Ridiculous is as Ridiculous does…
It’s Sandler versus Tarantino in a battle of the adjectives. SPOILER ALERT: Tarantino wins.
So you’re going to call your movie THE RIDICULOUS 6? An unsubtle spoof of the title of Quentin Tarantino’s upcoming humbucker, THE HATEFUL 8. In what universe are audiences unaware of this? It’s not even a spoof on the Tarantino movie itself, just a dig at its title, a joke so sophomoric and misleading that the filmmakers shoot themselves in the foot right outa the gate.
With a title like THE RIDICULOUS 6, we’re expecting a satire on Tarantino’s stylish violence, a mincing of his devil dialogue, a lampooning of his cinematic signature… we’re expecting a comedy of the highest order. And when we say highest, we don’t mean how baked the writers were. And when we say comedy, we mean Rob Schneider shouldn’t be anywhere within puking distance. Unfortunately, co-writers Tim Herlihy and Adam Sandler must’ve been on some good shit to write something so bad and think it was good shit. And Rob Schneider is here. So the path between Netflix and my bathroom becomes puking distance.
So RIDICULOUS 6 has nothing to do with Tarantino’s movie (except for marginally being a Western); rather, a simpering farce about a Caucasian raised by Native Americans (Sandler) who joins forces with five half-brothers (discovered individually when they reveal their name to be Stockburn, sired by the same father from different mothers) on a journey to rescue their mythic pater, Frank Stockburn (Nick Nolte, wheezing and gulping lungfuls of oxygen like he’s about to keel over). 83 weak jokes, 45 aborted jokes and 325 non-jokes later, we realize this “comedy” is failing because it is trying to be two movies in one: a poignant tale of familial love juxtaposed over a comedic road tale where nothing is funny.
Sandler himself actually gives a fine straight-man performance as Tommy aka White Knife, rasping like Clint Eastwood, adept at everything manly – like a MISSION IMPOSSIBLE guy – whose superhuman skills in combat and knife-play leave everyone agog, with the refrain, “Man, that was some mystical shit!”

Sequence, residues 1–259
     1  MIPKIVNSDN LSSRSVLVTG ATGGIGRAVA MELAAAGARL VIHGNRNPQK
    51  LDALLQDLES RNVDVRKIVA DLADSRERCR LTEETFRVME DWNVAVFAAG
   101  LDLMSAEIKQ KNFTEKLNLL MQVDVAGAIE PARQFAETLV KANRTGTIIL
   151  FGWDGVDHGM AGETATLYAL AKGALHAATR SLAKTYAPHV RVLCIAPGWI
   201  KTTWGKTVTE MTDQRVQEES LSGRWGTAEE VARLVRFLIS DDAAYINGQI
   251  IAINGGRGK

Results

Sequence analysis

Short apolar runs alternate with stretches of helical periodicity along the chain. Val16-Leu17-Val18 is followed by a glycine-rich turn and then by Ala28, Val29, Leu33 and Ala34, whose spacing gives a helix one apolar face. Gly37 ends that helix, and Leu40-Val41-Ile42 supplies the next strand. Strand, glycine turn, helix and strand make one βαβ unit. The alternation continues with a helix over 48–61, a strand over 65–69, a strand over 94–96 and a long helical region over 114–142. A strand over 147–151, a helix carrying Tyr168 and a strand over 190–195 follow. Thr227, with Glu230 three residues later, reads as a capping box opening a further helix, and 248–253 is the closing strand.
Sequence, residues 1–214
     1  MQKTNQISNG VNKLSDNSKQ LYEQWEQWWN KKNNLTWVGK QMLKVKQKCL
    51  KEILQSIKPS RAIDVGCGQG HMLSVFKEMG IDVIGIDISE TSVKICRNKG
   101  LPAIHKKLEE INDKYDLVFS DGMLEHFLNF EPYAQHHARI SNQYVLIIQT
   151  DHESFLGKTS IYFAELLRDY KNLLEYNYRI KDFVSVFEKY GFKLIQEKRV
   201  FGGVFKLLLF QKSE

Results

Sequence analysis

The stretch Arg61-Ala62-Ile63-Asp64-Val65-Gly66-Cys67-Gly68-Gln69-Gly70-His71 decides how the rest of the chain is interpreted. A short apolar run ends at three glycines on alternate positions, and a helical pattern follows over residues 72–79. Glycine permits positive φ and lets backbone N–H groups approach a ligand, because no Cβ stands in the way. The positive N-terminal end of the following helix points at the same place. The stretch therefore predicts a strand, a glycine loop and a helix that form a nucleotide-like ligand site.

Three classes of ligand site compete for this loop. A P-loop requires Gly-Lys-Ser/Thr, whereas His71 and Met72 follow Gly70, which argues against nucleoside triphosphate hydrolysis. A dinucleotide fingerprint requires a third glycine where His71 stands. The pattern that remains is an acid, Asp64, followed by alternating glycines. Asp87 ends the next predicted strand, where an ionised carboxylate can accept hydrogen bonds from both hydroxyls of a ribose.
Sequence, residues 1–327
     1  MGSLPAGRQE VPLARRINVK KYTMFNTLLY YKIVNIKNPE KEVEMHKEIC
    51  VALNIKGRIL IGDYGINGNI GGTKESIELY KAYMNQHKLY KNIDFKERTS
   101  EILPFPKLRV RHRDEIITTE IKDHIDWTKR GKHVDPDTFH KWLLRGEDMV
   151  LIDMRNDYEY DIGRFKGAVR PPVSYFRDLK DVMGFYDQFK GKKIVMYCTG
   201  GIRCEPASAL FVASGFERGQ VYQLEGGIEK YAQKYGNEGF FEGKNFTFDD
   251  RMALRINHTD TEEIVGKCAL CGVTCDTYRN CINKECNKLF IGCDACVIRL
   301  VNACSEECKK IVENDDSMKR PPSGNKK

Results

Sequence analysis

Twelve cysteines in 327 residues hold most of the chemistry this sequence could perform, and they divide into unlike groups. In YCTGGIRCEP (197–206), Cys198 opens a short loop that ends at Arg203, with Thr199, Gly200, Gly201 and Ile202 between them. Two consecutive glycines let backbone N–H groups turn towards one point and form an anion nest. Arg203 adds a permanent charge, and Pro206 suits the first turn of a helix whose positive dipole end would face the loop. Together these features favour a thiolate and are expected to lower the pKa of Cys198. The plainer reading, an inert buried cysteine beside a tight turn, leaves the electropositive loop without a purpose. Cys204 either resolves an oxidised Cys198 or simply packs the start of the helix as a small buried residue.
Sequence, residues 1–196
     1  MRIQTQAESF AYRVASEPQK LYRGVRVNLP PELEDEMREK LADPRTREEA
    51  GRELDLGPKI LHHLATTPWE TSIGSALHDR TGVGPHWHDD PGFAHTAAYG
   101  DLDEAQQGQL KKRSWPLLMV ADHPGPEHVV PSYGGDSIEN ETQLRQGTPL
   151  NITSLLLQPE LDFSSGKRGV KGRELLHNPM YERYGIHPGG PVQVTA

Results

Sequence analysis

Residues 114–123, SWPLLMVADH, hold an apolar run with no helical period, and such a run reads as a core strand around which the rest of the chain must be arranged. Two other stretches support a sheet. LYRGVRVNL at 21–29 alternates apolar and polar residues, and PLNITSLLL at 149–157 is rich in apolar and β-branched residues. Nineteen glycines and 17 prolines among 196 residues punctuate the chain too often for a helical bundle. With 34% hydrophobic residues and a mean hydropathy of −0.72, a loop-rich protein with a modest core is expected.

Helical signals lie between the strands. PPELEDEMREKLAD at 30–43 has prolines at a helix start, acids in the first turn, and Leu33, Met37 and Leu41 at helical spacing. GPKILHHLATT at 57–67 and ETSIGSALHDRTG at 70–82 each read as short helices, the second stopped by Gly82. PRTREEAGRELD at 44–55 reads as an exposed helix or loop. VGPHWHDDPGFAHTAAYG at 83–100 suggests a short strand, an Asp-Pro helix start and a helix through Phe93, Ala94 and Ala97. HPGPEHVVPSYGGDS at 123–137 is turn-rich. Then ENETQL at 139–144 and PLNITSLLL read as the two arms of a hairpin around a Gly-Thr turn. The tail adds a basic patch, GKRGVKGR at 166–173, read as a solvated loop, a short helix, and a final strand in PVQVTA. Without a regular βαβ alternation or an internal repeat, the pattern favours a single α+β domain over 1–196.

Through a series of misadventures, White Knife discovers his brothers, who are identified simply by mentioning their last name. Everybody just accepts it as truth. No one checks birth certificates or does anything Republican. And each new brah willingly joins the quest to find their dad, because I guess in the Old West there was really nothing better to do. There’s Terry Crews (who confesses he’s black), Jorge Garcia (who looks like director Kevin Smith and communicates in unintelligible grunts – like Kevin Smith), Taylor Lautner (who is surprisingly hilarious as the crossbreed of Forrest Gump and Simple Jack), Luke Wilson (miscast, looking for a way out), and Schneider (whom we will speak no more of).
Directed by Frank Coraci (veteran of attempted comedies like ZOOKEEPER and HERE COMES THE BOOM, and the last Sandler belch-fart, BLENDED), RIDICULOUS boasts a cavalcade of droll cameos that keep it watchable (read as distracting from the weak comedy of the actual stars): John Turturro with an impeccable British accent, inventing baseball; Steve Zahn gouging out his only good right eye to be a part of The Left Eye Gang; Harvey Keitel as town sheriff Smiley (a Tarantino crossover!); Danny Trejo, Jon Lovitz, Whitney Cummings, Julia Jones, Will Forte, Nick Swardson, David Spade as Custer, Vanilla Ice as Mark Twain; and the most gross-out funniest cameo by Steve Buscemi as the town barber with all-purpose ointment – a fistful to swab a donkey’s ass with lube, then putting the remaining swab directly into Taylor Lautner’s mouth as soothing lip balm. Wolfboy enjoys.
The tone of RIDICULOUS resembles another Sandler absurdist comedy, YOU DON’T MESS WITH THE ZOHAN (2008), which succeeded because Sandler found a sweet spot for playing it straight with a funny premise. He is most tolerable when he’s playing adept, as in ZOHAN – a fighter, a lover, a he-man. Under its authentic Western-styled soundtrack (by Rupert Gregson-Williams and Elmo Weber), RIDICULOUS might have been a revealing, serio-comic role for Sandler, had it not been for the uneven tone of the movie and the lack of conviction from his supporting players. Especially mouse-talented Rob Schneider, playing a Mexican like the best racist you ever saw.
Tell Tarantino he needs to be afraid. Be very afraid. Because THE RIDICULOUS 6 is going to challenge his film making skills, i.e. if he watches it, he’ll be too dumb to direct anymore…